The year was 1994, and I was 23 years old and worth my weight in anxiety and 80s power suits inherited from my mother (the suits, not the anxiety). I was working in the White House after having Wizard of Oz’ed my way into the campaign, the transition team, and eventually a staffing role helping create AmeriCorps, the U.S. national service program in which more than a million young people have served, a story I tell quite hilariously with my pal Matthew Kimberly on his podcast How to Get a Grip.
The legislation passed in Congress, was signed by the President, and we spent months getting the program launched, the official start of which would be Bill Clinton swearing in the first class of members live on the South Lawn of White House. We erected a gigantic Jumbotron, and planned to broadcast via satellite to sites across the country. This is the pre-Zoom era, people, be impressed! And, all 125lbs of my anxiety, poured into that powersuit, was the point person.
But, then, at 2:00am, an unexpected tragedy happened, leading to the Secret Service ringing me in the middle of the night.
Me: “Um….. Hello?”
Him: “Miss Gassner, this is Secret Service Agent (name redacted). There has been an incident. We need you to get to the White House right away.”
Me: “Shut up. This isn’t funny.” [hangs up]
Me: “Um….. Hello?”
Him: “Miss Gassner, this is Secret Service Agent (name redacted). As I said, there has been an incident. We need you to get to the White House right away.”
Me: “Come on, man. This isn’t funny. I have a huge day tomorrow.” [hangs up]
To be fair, I thought it was my brother-in-law, who delights in making prank calls.
Me: “Come the fuck on, man, stop this.”
Him (sterner): “Miss Gassner, turn on CNN.”
Me, turning on CNN: “Oh, my apologies, sir. I will be right in.” [hangs up, throws on mismatching shoes, drags hairbrush across teeth and toothbrush across hair, grabs keys and ID badge and runs ten blocks]
A man committed suicide by crashing his Cessna into our Jumbotron. He struggled with mental illness and stole a plane to fly his swan song. It was an unspeakable tragedy.
And yet, we had an event to run.
In just a matter of hours, hundreds of future AmeriCorps members would show up to the South Lawn of the White House. What were we going to do with them? How would we launch this program — this signature program of Bill Clinton’s campaign — when the very location of that launch was now a crime scene?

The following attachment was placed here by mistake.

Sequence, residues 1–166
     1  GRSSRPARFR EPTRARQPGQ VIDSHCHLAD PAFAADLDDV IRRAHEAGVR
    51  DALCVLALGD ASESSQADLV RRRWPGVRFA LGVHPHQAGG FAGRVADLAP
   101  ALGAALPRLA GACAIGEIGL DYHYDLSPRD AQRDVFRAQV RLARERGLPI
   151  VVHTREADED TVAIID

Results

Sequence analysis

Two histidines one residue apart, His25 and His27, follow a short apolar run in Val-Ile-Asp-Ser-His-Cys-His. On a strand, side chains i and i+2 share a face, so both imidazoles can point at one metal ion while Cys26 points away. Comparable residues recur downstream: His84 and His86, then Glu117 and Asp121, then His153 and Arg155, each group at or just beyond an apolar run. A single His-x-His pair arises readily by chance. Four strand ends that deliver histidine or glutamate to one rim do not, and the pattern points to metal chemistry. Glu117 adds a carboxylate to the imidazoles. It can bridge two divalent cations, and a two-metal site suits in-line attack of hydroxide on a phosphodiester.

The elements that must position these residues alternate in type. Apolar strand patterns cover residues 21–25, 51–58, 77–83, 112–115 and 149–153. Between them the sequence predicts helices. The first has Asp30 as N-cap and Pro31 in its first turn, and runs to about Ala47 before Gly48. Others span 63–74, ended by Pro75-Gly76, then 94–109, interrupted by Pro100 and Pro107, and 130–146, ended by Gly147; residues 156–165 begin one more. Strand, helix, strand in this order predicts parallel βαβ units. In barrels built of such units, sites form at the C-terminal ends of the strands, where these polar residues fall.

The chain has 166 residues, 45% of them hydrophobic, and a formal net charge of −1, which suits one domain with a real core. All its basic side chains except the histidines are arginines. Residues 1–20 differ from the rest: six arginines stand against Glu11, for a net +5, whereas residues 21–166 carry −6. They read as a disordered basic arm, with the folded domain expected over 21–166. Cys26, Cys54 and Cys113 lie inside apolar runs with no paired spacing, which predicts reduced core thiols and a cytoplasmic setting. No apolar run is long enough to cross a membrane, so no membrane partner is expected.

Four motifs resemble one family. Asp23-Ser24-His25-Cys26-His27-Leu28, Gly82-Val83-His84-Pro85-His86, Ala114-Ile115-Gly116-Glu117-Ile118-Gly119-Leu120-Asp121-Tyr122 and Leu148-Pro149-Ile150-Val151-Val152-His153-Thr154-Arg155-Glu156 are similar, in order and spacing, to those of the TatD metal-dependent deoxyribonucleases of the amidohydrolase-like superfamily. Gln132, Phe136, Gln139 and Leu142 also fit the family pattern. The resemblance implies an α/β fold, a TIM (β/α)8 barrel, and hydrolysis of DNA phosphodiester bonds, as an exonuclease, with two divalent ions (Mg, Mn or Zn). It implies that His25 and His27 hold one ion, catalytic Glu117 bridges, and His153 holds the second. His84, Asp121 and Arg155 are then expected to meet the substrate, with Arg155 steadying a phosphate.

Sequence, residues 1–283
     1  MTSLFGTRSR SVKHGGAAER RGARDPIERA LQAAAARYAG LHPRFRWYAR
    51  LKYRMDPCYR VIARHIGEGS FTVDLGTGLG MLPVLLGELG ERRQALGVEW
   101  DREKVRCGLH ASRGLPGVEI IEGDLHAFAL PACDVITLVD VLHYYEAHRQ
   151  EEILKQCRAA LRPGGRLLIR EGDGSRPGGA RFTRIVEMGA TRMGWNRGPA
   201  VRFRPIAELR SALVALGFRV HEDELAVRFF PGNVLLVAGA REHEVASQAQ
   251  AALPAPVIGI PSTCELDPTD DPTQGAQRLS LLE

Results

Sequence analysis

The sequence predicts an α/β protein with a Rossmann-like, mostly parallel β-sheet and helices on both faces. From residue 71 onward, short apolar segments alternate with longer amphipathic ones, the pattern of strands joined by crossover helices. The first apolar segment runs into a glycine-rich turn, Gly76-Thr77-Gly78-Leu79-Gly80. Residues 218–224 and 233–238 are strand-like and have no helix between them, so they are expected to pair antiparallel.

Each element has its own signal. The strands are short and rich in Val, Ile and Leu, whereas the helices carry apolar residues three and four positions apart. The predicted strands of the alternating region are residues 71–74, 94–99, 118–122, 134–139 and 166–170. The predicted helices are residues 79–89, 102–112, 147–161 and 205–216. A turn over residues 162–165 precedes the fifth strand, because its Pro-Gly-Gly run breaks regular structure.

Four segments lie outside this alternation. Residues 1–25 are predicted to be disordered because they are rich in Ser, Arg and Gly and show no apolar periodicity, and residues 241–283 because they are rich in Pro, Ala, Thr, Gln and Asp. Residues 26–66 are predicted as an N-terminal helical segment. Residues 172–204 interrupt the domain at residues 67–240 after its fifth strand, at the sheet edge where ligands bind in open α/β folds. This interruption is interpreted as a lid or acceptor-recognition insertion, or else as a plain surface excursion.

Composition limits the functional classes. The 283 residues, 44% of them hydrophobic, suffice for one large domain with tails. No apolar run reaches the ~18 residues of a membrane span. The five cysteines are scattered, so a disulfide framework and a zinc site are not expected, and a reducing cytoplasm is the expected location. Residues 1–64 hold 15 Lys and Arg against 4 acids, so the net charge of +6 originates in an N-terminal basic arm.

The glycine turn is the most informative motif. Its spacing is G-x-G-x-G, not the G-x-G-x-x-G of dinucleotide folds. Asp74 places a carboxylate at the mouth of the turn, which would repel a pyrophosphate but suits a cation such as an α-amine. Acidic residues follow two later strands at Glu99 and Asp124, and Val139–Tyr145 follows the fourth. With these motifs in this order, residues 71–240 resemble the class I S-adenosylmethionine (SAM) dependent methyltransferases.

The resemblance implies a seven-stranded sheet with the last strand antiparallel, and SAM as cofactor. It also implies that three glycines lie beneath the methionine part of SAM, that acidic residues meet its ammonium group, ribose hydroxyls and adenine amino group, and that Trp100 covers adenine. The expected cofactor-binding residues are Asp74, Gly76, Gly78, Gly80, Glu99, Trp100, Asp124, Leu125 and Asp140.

We moved the event to the North Lawn, the driveway where you see heads of state come meet the President for official state visits. It was a highly unusual use of the North Lawn and it would take hours for the security clearances and paperwork to be processed by the exceptionally tetchy Secret Service. I mean, these men and women are usual pretty uptight, but after a plane crashed two stories below your boss’s bedroom? Sheesh. Next level stress.
Bill Clinton had a busy schedule that day. We didn’t know when he would be able to drop in and do the swearing in. We couldn’t tell the young people to just come later. It would be a hurry up and wait, wait and hurry up sort of day. And that left us with a couple hundred young people in their AmeriCorps t-shirts standing around, cooling their heels, and getting hungrier by the minute.
So me and my hand-me-down power suit, the red and black one with the biggest shoulder pads because it was a power day, sweat bullets calling every McDonalds in the area to get meals delivered. And then I set about finding a representative crew of young people for what would be an historic photo, just like the one of Jack Kennedy swearing in the first Peace Corps members in the Rose Garden three decades earlier.
We changed the entire event on a dime. Success didn’t look like what we expected. But all these years later, it looks pretty damned alright. And it’s a day of which I remain most proud.
But, don’t worry, I eventually tossed that power suit, too.
Was the event a success? If you measure it by the execution of the plan we made? Not even close. If you measure it by the outcome, despite all of the challenges, then possibly. But if you measure it by the outcome, not despite all the challenges but because of the opportunities that the challenges provided, then hell to the yes.
And it was a day that I learned that we are forged more through the lessons we learn in failure than by the victory laps we take in success. (Tweet this.)